Selin Kiazim: My Career in Five Dishes
Selin Kiazim's cooking has entranced Londoners for half a decade, during which she's experienced both success and setbacks. She shares her career-defining dishes
When the news broke that Kyseri was closing its doors for good in late 2019, anyone lucky enough to have sampled Selin Kiazim's manti – fat Turkish dumplings, Kiazim's take on them filled with beef and sour cherry – mourned the loss of a exceptional restaurant.
When Kiazim revealed that she had made the decision to close her Bloomsbury restaurant herself, and would be overseeing the opening of a brand new concept in that same space, we all breathed a sigh of relief.
But it was just seven months until said concept, Oklava Bakery + Wine – an extension of her first restaurant Oklava, with a focus on freshly baked pogaca buns and eclectic Turkish wine – was forced to close permanently as a consequence of the pandemic.
We have done a lot more mourning since then; a tragic number of lives and livelihoods have been lost along the way, and many brilliant restaurants have closed for good.
Yet, in spite of everything, Kiazim has remained right where she's always been: at the heart of the action, feeding people.
Whether it was through helping Hackney's Morningside & Gascoyne Youth Club deliver nutritious lunches to school children and their families over half term, or scrapping the traditional service charge to incorporate it into menu prices to ensure her staff receive a fairer wage, Kiazim has remained resolute in her mission to serve her community throughout the pandemic.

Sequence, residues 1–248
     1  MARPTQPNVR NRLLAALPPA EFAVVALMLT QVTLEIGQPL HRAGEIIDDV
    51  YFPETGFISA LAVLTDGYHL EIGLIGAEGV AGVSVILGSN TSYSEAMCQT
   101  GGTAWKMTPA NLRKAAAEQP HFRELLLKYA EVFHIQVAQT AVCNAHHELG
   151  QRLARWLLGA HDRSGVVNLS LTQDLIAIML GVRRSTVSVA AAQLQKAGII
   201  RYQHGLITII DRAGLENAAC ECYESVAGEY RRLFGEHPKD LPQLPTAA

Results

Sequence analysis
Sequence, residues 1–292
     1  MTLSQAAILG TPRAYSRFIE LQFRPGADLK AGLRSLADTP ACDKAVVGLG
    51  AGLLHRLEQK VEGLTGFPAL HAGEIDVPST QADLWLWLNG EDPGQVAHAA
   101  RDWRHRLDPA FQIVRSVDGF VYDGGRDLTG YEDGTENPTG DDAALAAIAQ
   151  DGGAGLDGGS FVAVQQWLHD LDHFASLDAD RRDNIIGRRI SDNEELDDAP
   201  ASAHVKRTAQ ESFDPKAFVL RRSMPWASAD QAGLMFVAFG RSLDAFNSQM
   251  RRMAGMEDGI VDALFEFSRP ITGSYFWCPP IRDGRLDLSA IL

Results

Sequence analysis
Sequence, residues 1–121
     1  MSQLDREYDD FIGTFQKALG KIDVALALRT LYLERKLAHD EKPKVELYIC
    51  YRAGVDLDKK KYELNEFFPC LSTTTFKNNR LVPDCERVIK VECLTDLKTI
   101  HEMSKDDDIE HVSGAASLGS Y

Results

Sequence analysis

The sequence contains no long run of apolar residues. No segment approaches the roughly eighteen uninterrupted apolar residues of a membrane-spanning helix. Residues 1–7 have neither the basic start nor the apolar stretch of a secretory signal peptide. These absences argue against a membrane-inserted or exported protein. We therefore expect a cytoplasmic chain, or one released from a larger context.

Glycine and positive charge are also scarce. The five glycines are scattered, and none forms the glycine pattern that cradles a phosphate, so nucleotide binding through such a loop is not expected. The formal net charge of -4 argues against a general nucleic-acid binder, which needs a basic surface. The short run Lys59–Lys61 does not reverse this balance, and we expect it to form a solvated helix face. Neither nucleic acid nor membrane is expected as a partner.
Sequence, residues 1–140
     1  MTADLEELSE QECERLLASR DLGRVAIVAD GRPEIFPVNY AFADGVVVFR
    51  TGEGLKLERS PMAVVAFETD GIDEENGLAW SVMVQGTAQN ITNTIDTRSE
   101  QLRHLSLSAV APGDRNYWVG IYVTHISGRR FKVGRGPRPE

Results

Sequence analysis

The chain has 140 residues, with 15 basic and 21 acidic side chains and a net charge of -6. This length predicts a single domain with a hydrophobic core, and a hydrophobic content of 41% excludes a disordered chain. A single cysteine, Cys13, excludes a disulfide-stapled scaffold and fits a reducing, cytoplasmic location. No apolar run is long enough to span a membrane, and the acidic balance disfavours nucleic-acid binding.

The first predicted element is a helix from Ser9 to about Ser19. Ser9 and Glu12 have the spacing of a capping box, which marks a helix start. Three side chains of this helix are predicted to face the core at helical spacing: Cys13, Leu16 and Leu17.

"I just want to feed good people with good food," she says. "That’s what I've always done, and what I’ll always try to do."
Beginning her kitchen career at Peter Gordon's The Providores, Kiazim moved swiftly up the ranks before taking over as head chef of Gordon's sister restaurant Kopapa in 2012.
Solo success followed as she caught the attention of the public and the press through a series of pop-ups. Selin's first brick and mortar premises, Oklava, opened in Shoreditch in 2015 and her unique and exciting brand of modern Turkish cooking – inspired by her own Turkish-Cypriot upbringing and childhood summers spent in northern Cyprus – has besotted Londoners ever since.
Kyseri was "the wrong place, the wrong time, the wrong concept," she says, and Oklava Bakery + Wine's "strong snack game" wasn’t enough to weather Covid’s storm but – at the time of writing – Oklava still stands strong.
And in these times, one thing we're certain of is that Selin Kiazim the kind of chef we need now more than ever.
Crispy fried red mullet
"This dish comes from my family in Cyprus. When I was growing up, my grandfather would take a three-hour round trip on his tractor – because he never drove a car, always a tractor – and he'd drive over the hills and bring back a bag full of red mullet and some other little fish. My grandmother would then dust them in loads of flour and fry them in their own homemade olive oil until they were all really crispy. We'd go and pick all the salad ingredients and make the most amazing fresh salad to go with it and it's just heaven. I love it."
Spiced bread and medjool date butter
"There are only two things in this dish and they’re both very, very dear to me. The bread is my grandmother's bread, which she would make in her wood-burning oven. We used to go to Cyprus every summer on holiday and her bread would be one of the first things we'd eat, toasted over an open flame and spread with her amazing strawberry jam. It just tastes like home, and when I was writing the menu for Oklava, it was the first thing that went on there. Bread is so important in Turkish culture – it goes with every single meal, and this bread in particular just brings back great memories.